Ask Us Anything Q&A - AGM 2020

For our 2020 virtual AGM the ESB hosted a Q&A session where she invited members to 'Ask Us Anything' (about earthworms) and the ESB sourced answers from our society officers and earthworm experts. Charlie Bell tells us what was asked and the responses that were given...


Charlie Bell

Earthworm Watch - The Results

Photo Credit: Earthwatch Europe, John Hunt
Victoria Burton discusses the results of the Earthworm Watch citizen science survey: My mum remembers me playing with earthworms as a child and one of my earliest memories is walking on dewy grass watching earthworms stretching out across the ground! However my scientific interest started when I did my MSc in Taxonomy and Biodiversity at the Natural History Museum, London.


Victoria Burton

Photographing Earthworm Specimens

Two whole earthworms

Earthworm ID can be tricky. Many species show variability when it comes to their ID features, and this can make it difficult for recorders as they struggle to match their specimen with the image presented to them in their ID key. The tubercula pubertatis (TP) of one Lumbricus rubellus may look the same as the other examples of this species from the same site but appear different on specimens of the same species from a different site.


Keiron Brown

Earthworm ID course - AIDGAP key launch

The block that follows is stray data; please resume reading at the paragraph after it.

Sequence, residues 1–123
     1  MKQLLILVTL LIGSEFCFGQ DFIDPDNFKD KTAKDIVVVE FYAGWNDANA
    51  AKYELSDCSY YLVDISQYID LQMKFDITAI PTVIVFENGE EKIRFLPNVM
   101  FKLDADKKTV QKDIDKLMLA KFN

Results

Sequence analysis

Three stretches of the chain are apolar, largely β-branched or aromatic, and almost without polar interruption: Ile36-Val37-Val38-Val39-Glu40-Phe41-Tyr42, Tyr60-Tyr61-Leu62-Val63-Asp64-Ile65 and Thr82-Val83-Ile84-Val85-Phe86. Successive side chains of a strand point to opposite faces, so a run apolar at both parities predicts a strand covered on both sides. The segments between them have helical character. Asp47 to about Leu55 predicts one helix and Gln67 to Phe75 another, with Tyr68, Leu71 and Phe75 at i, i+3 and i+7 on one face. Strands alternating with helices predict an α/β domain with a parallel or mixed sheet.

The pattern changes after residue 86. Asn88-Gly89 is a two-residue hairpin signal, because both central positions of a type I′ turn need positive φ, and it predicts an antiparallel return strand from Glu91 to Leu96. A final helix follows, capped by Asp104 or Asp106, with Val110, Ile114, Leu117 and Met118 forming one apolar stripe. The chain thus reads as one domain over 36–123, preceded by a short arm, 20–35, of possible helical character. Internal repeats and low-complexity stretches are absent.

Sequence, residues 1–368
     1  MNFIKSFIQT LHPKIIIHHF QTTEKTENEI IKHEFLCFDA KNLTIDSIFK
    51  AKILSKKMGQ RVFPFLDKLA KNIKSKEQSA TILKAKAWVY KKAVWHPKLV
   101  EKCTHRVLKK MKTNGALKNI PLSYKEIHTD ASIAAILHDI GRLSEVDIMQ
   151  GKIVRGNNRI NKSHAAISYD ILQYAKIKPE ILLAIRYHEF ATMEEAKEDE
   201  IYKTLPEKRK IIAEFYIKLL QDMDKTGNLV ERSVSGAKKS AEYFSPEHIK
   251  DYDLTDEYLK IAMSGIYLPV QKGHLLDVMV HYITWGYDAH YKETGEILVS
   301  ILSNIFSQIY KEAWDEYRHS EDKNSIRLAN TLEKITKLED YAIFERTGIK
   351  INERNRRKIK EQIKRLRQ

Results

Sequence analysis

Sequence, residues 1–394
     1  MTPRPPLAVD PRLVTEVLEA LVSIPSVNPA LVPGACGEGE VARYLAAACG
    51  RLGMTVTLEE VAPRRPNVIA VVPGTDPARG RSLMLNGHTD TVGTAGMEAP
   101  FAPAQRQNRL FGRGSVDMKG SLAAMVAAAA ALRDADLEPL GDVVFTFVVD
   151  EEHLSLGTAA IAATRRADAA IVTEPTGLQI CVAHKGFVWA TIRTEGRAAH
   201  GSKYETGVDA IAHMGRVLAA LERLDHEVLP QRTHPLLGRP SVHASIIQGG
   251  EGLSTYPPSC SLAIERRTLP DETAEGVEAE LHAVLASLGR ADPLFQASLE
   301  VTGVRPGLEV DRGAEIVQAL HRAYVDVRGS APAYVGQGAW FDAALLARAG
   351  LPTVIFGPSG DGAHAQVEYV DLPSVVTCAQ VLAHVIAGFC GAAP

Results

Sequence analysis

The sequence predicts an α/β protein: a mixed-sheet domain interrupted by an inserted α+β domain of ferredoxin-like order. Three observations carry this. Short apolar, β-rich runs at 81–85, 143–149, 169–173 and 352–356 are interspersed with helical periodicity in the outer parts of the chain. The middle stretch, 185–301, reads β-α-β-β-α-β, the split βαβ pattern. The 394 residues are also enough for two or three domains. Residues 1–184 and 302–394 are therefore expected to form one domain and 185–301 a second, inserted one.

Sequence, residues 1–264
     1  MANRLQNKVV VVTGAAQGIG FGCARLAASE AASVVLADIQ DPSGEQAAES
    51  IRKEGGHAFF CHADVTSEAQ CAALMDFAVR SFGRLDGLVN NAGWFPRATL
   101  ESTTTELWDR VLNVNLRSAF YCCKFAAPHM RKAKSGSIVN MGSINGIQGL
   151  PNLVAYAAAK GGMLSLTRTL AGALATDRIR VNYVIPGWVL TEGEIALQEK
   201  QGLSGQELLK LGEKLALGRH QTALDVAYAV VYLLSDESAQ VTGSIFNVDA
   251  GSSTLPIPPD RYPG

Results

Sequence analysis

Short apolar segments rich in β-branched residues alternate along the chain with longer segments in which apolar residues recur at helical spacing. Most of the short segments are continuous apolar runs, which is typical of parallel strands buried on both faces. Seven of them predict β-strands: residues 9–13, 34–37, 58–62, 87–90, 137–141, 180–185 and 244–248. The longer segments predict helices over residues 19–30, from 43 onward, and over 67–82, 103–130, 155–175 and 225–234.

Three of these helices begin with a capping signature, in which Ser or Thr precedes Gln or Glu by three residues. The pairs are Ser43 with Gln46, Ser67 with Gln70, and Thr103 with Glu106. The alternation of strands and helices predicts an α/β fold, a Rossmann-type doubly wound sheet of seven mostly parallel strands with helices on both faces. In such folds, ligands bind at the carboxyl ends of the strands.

ID course participants examine worms
I vividly remember as a child picking up earthworms, marveling at woodlice and exploring the dirt! I was always fascinated by the miniscule creatures in my garden. It is therefore no surprise to me as an adult I champion earthworms and other ‘small things that run the world’. I love invertebrates and personally feel humans take the presence of ‘bugs’ or ‘creepy crawlies’ as they burrow, crawl, buzz, fly, raft and swim for granted. Invertebrates make up 97% of all life on Earth and to me insects, crustaceans and other marine creatures are just as beautiful and should command our respect.


Anthony Roach

Digging into the world of earthworm research

Dr Frank Ashwood
The UK has a strong history of earthworm research, with Charles Darwin leading the charge back in the late nineteenth century. Darwin’s last scientific book was all about earthworms and detailed a lifetime of earthworm research, including playing them piano music! Things have come some way since then, and the humble earthworm is now globally recognised as an “ecosystem engineer”...


Frank Ashwood